Fatherless: A novel

Book Review by 
Valarie Inman

first read about this book in a column on the Religion page of the Arkansas Democrat-Gazette. I was so intrigued by the storyline and description that I immediately ordered a copy. It arrived to my home on a Thursday, and other than to eat or sleep, I did not put it down until I finished it – late in the afternoon on a Saturday. Thankfully, I have a very understanding husband and daughter who have realized that once I get engrossed in a book, they are on their own until I finish it.

This is a series of three books, “Fatherless” (available now); “Childless” (available in fall 2013) and “Godless” (available in summer 2014). After finishing “Fatherless,” my copies for the next two books have been preordered, and I cannot wait for them to arrive. 

As the book jacket states in its description, “‘Fatherless’ vividly imagines a future in which present-day trends come to sinister fruition. The year is 2042, and the long predicted tipping point has arrived. For the first time in human history, the economic pyramid has flipped.”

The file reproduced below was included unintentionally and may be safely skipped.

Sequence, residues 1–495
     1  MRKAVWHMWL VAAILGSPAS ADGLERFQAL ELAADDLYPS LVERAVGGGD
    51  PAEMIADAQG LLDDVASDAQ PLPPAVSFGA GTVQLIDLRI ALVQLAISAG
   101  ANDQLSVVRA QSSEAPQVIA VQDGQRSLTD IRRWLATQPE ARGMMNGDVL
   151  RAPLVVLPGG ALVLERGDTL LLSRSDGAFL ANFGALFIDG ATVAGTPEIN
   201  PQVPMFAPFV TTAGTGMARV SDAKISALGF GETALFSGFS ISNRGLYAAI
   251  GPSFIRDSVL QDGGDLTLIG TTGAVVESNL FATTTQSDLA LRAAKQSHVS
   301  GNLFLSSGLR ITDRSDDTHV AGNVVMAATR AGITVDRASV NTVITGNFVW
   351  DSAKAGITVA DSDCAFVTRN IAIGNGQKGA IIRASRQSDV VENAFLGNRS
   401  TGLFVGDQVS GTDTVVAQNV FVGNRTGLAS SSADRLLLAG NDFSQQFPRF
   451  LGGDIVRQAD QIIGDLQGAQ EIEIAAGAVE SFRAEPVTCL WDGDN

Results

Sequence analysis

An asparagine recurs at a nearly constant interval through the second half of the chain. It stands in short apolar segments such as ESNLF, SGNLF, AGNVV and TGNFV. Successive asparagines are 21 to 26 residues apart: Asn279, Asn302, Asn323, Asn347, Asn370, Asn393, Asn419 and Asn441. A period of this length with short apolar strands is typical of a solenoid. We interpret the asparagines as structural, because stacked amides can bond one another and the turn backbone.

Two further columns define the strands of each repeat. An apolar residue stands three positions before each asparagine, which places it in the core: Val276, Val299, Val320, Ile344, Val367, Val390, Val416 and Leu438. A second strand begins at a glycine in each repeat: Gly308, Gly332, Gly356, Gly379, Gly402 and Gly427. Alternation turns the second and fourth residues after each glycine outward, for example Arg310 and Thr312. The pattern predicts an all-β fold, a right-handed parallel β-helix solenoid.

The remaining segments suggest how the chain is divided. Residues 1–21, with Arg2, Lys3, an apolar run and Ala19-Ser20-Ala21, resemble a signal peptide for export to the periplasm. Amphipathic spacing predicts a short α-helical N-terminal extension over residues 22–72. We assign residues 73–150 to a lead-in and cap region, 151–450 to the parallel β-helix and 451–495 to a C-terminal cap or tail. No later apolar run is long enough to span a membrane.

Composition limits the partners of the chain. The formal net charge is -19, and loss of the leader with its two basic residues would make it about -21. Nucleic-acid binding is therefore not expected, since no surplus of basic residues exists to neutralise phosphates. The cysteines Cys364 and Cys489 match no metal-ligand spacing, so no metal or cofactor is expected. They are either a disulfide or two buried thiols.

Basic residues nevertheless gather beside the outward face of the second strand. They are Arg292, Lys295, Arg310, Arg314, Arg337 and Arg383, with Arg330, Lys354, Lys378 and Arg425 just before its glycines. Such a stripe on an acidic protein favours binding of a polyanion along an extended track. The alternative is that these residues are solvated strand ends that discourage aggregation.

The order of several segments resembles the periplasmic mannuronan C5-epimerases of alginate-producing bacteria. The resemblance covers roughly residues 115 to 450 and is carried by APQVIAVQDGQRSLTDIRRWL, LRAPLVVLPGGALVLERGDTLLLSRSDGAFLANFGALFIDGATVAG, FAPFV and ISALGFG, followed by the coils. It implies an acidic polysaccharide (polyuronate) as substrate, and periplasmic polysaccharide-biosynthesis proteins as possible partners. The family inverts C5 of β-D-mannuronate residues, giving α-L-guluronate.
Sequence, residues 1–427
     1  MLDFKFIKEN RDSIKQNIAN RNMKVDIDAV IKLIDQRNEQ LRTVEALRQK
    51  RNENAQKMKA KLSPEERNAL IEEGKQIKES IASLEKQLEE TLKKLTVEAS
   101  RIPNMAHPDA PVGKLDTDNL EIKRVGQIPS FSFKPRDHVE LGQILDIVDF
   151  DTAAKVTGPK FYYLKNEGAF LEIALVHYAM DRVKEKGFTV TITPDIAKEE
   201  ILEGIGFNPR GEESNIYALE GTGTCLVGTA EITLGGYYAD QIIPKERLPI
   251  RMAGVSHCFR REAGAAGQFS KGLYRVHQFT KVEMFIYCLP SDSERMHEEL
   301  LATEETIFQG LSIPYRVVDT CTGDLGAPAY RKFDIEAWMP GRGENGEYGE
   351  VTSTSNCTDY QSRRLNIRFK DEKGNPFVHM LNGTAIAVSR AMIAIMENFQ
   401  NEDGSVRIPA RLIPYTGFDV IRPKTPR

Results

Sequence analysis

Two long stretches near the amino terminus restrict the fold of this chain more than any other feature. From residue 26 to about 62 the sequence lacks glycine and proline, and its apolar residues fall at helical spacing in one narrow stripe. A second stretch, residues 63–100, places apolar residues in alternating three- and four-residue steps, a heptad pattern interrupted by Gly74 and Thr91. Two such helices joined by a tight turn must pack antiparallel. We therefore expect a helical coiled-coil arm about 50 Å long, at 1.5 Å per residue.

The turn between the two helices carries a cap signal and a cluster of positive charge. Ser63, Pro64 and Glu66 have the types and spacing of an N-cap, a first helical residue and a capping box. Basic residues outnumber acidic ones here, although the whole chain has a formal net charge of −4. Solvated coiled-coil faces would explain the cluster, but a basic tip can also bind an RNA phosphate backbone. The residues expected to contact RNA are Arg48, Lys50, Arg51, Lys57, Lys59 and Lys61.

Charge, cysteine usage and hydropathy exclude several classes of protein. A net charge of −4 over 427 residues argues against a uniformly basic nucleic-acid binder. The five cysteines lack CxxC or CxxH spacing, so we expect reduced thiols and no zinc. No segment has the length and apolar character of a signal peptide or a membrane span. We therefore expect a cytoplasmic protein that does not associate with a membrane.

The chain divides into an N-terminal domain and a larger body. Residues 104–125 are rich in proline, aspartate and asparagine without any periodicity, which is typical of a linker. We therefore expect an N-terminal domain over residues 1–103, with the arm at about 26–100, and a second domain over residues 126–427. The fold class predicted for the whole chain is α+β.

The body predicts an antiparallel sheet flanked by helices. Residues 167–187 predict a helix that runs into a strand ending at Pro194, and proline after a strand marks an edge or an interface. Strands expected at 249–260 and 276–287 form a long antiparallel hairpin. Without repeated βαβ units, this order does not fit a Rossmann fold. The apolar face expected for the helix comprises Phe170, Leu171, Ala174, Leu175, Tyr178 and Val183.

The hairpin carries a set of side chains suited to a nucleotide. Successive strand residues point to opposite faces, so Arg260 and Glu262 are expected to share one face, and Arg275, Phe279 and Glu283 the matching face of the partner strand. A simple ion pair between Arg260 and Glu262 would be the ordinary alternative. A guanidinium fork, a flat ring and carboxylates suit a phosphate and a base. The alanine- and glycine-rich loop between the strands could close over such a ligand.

I have wished many times to have a crystal ball to be able to see into the future, but this is not a future I ever hope to see. In the 2042 world, there are too many feeble and old versus vigorous and young. Transition centers are being set up to “help” the old and feeble die, marriage and children are considered a thing of the past, ‘pregenetic’ testing is required if you do want to have children, Christianity is only for religious extremists and churches are almost nonexistent. It is not a world I would want to live in, but it is one I can easily see coming to fruition.  

There are many characters and many storylines – Antonio, who chooses to die because of his disability, a burden to his family, considered a detriment in society, and his family’s reactions to that decision; Matthew, who desires to be a college professor but does not have the means to attend college unless his mother transitions and leaves him the money set aside for her care in her senior years; Julia, who is a feminist supporting the idea that women who marry and have children – “breeders” as she calls them – are somehow faulty in society, but at the same time finding herself yearning for that life; Kevin and Angie, who are a set of Christian parents finding it hard to follow their sense of Christian values and ideals in light of the new world.